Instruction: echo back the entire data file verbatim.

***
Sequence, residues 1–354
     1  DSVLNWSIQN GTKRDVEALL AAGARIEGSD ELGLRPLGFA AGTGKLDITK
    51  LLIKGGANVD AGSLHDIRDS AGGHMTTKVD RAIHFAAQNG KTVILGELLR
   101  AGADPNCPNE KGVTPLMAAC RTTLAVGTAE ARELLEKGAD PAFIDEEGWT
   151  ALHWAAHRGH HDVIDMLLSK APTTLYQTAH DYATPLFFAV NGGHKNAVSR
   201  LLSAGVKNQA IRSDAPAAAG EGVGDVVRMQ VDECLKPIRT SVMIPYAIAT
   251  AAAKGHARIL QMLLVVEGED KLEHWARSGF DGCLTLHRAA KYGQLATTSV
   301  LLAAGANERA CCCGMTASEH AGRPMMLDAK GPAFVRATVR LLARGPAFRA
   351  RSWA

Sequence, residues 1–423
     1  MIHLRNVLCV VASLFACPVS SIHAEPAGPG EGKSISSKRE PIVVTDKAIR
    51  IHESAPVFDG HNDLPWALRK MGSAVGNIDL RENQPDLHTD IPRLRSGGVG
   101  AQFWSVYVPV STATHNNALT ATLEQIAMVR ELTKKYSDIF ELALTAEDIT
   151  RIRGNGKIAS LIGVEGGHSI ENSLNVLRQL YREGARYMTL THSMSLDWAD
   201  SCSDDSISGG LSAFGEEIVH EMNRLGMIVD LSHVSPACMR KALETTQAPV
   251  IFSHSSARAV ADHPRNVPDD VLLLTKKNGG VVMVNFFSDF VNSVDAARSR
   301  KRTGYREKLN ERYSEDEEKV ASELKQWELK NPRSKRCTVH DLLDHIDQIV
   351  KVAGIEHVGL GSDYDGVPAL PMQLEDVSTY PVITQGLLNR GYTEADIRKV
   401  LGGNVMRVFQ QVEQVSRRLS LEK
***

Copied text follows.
Sequence, residues 1–354
     1  DSVLNWSIQN GTKRDVEALL AAGARIEGSD ELGLRPLGFA AGTGKLDITK
    51  LLIKGGANVD AGSLHDIRDS AGGHMTTKVD RAIHFAAQNG KTVILGELLR
   101  AGADPNCPNE KGVTPLMAAC RTTLAVGTAE ARELLEKGAD PAFIDEEGWT
   151  ALHWAAHRGH HDVIDMLLSK APTTLYQTAH DYATPLFFAV NGGHKNAVSR
   201  LLSAGVKNQA IRSDAPAAAG EGVGDVVRMQ VDECLKPIRT SVMIPYAIAT
   251  AAAKGHARIL QMLLVVEGED KLEHWARSGF DGCLTLHRAA KYGQLATTSV
   301  LLAAGANERA CCCGMTASEH AGRPMMLDAK GPAFVRATVR LLARGPAFRA
   351  RSWA

Sequence, residues 1–423
     1  MIHLRNVLCV VASLFACPVS SIHAEPAGPG EGKSISSKRE PIVVTDKAIR
    51  IHESAPVFDG HNDLPWALRK MGSAVGNIDL RENQPDLHTD IPRLRSGGVG
   101  AQFWSVYVPV STATHNNALT ATLEQIAMVR ELTKKYSDIF ELALTAEDIT
   151  RIRGNGKIAS LIGVEGGHSI ENSLNVLRQL YREGARYMTL THSMSLDWAD
   201  SCSDDSISGG LSAFGEEIVH EMNRLGMIVD LSHVSPACMR KALETTQAPV
   251  IFSHSSARAV ADHPRNVPDD VLLLTKKNGG VVMVNFFSDF VNSVDAARSR
   301  KRTGYREKLN ERYSEDEEKV ASELKQWELK NPRSKRCTVH DLLDHIDQIV
   351  KVAGIEHVGL GSDYDGVPAL PMQLEDVSTY PVITQGLLNR GYTEADIRKV
   401  LGGNVMRVFQ QVEQVSRRLS LEK